Katy Stubbs

Smoke and Mirrors

October 10, 2023 - November 10, 2023
Lyndsey Ingram Gallery


‘What I like about ceramics is that people think they can create their own story or something like that when really, there is a god (me) who will decide…’ Katy Stubbs

Lyndsey Ingram is proud to present ‘Smoke and Mirrors’, a solo show of British-South African artist Katy Stubbs (b.1992). The exhibition, which is organised in collaboration with PATERSON ZEVI, is the culmination of a year’s work and is Stubbs’ second solo show. It debuts a series of ceramic sculptures concerning ideas around deception and magic; a subject of fascination for the artist, a magic enthusiast who travels to conventions, practices tricks and collects magical ephemera, which is on display at her studio in Brixton, London. 

A self-taught ceramicist, Stubbs has created a group of sculptures, each piece built by hand. These tell a story about the modern dilemma of online dating and how a couple’s first date goes wrong, with both parties pretending to be someone they are not. The male character is a magician but pretends to be a cowboy, ‘catfishing’ women who he thinks will find this more seductive. The woman, his date, is  keen to appear to have a perfect life, and judges what’s important through the filter of her phone. After going back to his apartment and realising he’s a magician and not a hunky cowboy, she runs away, leading to tragic consequences. 

The story of ‘Smoke and Mirrors’ is a cautionary tale about the deceptions of contemporary dating culture, societal pressure to conform to an ideal and the too-good-to-be-true stories on Instagram. Ancient morality mingles with modern disinformation in funny and frightening ways. In Stubbs’ studio, the word ‘Hubris’ is tacked up on her wall, a reminder for the artist who says - for her - it can be translated into ‘bad stuff happening in the strangest of ways and how the gods have a funny way of deciding your fate’. For Stubbs, making sculptures in the ancient medium of clay manifests an act of defiance against ‘quick fix’ culture; clay requires patience, time and once fired, it cannot be altered or air-brushed.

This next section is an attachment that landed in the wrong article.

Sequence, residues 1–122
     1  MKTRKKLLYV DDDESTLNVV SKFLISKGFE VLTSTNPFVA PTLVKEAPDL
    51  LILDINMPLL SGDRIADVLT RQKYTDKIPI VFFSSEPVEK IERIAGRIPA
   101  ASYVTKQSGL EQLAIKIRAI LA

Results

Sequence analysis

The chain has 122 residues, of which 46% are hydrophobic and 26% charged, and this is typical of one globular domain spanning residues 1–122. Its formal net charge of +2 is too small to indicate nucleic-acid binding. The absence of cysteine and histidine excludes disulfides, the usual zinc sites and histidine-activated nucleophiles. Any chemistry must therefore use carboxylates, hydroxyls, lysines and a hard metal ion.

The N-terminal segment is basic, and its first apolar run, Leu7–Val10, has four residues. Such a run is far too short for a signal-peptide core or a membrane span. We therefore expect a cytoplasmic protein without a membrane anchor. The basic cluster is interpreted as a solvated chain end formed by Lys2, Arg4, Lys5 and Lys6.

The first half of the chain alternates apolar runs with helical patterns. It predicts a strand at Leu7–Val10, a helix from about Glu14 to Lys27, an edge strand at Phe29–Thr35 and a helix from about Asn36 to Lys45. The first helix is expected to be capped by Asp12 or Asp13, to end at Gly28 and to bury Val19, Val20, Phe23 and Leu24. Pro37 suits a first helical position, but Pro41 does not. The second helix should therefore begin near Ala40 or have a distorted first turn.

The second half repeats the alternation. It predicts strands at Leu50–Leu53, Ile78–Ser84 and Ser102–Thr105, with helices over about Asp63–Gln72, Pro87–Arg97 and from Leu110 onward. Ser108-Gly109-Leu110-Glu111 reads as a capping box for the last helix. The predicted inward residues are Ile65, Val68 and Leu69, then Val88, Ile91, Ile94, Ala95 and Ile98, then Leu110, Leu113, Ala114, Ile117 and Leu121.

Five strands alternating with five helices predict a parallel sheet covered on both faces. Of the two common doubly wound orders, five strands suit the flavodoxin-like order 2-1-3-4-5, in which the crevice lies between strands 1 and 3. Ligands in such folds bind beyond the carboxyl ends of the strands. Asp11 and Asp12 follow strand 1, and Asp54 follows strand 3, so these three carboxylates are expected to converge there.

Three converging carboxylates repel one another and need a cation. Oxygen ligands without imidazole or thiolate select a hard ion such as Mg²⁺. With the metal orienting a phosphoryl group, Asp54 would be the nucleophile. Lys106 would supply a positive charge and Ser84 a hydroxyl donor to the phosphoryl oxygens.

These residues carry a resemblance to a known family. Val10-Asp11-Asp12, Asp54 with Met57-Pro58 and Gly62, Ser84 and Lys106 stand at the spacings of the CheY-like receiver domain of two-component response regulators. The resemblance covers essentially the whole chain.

Different ceramics tell different parts of the ‘Smoke and Mirrors’ story. Each character has their own pot, including a tragic protagonist: the lobster that the woman orders, thinking it will look great on her Instagram. The exhibition also includes the pile of dirty plates from which the couple ate off, descriptive amphoras and everyday items belonging to the characters, such as the magician’s playing cards and a smashed iPhone. 

Stubbs’s imagination verges into gothic and grotesque areas. Her characters often meet with sticky ends. Originally trained to be an illustrator, she was told that her drawings were too dark for children’s books and therefore turned to making ceramic sculpture in order to bring her surreal stories to life in the tactile, three-dimensional medium of clay. Inspired by both comic books and the narratives on ancient Greek ceramics, Stubbs remixes myths with pop culture to create tragi-comedic stories that play themselves out through pots. She invites the viewer to embark on a physical and imaginative journey – often by circling around each work – to discover the fates of her protagonists.

Trained at the School of Visual Arts in New York, Stubbs is based in London.  Her first solo exhibition was at ALMA ZEVI in 2019, which followed on from her residency at the gallery’s Venetian outpost. She participated in the British Ceramics Biennial in 2021 as well as the Great Women Artists residency and exhibition, curated by Katy Hessel at Palazzo Monti (also 2021). She has participated in group exhibitions at T.J Boulting, Tristan Hoare and most recently, Timothy Taylor, New York. Her work is in the Zabludowicz Collection, the Katrin Bellinger Collection and was recently included in the Women’s Art Collection at Murray Edwards College in the exhibition ‘Life is Still Life’ which closed in February this year.  

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